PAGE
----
On October 27, CBS' 60 Minutes aired a report highlighting comments from security officer Dylan Davies, who went by the pseudonym "Morgan Jones" and said that he was an eyewitness to the September 12, 2012, attack on the U.S. diplomatic facilities in Benghazi, Libya. After several inconsistencies surfaced in Davies' statements about the evening, CBS pulled its report, apologized to viewers, and said it would "correct the record" on the next edition of 60 Minutes.
Immediately following the 60 Minutes report, various local media outlets across the country published editorial and opinion pieces hyping the report and heralding it as evidence that President Obama and his administration were lying about the attacks. At least six local media outlets, including The Columbus Dispatch, The New Hampshire Union Leader, The Pittsburgh Post-Gazette, The Washington Times, The Charleston Post and Courier, and The Boston Herald, all hyped the CBS report with one outlet calling it a "damning report" while another said the administration's "coverup [is] being exposed." Pittsburgh Press writer Jack Kelly published a piece in the Post-Gazette claiming the report was "noteworthy for the new information provided -- in particular the interviews with 'Morgan Jones' and [Lt.] Col. [Andrew] Wood."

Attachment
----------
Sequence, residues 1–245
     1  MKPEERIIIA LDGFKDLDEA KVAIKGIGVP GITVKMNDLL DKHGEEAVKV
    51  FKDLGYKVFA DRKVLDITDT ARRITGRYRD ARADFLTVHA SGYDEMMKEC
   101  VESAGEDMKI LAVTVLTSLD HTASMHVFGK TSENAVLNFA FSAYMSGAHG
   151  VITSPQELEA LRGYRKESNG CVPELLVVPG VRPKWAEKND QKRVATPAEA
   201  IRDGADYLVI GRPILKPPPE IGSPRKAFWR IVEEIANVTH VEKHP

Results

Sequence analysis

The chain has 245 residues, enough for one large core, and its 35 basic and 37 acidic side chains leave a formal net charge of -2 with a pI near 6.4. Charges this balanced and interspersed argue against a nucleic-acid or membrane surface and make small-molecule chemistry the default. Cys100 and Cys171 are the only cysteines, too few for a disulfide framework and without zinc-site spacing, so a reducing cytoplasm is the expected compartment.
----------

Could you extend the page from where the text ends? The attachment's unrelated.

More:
The 60 Minutes report reinvigorated the widely debunked myth that there are "lingering questions" about the Benghazi attack and continued to push a right-wing media narrative that the Obama administration has engaged in a cover-up in response to the attacks. The pervasiveness of the myth even hit Congress as Sen. Lindsey Graham (R-SC) threatened to hold up presidential nominations until questions surrounding Benghazi were answered.
Now that CBS has retracted its report, will local media outlets who also injected this misleading myth into their opinion pages do the same, or will they continue to rely on debunked information that misleads their readers?
Fox News accused MA Gov. Deval Patrick of "playing politics" by refusing to release details of welfare benefits reportedly used by the Boston Marathon bombing suspects. But as Patrick has noted, state and federal law prevents the release of this information.
On April 24, an article in the right-leaning Boston Herald reported that the Boston Marathon bombing suspects had received some government assistance as children and that deceased suspect Tamerlan Tsarnaev's family received some welfare benefits until 2012. The paper later reported that Massachusetts state officials had "clamped down the lid" on the Herald's requests for more details on Tamerlan Tsarnaev's government benefits.
Fox hosts seized on this to criticize Gov. Patrick on the April 26 edition of Fox & Friends. Co-host Steve Doocy said that "the governor told all the state agencies to clam up" and on-air text asked if Patrick is "playing politics."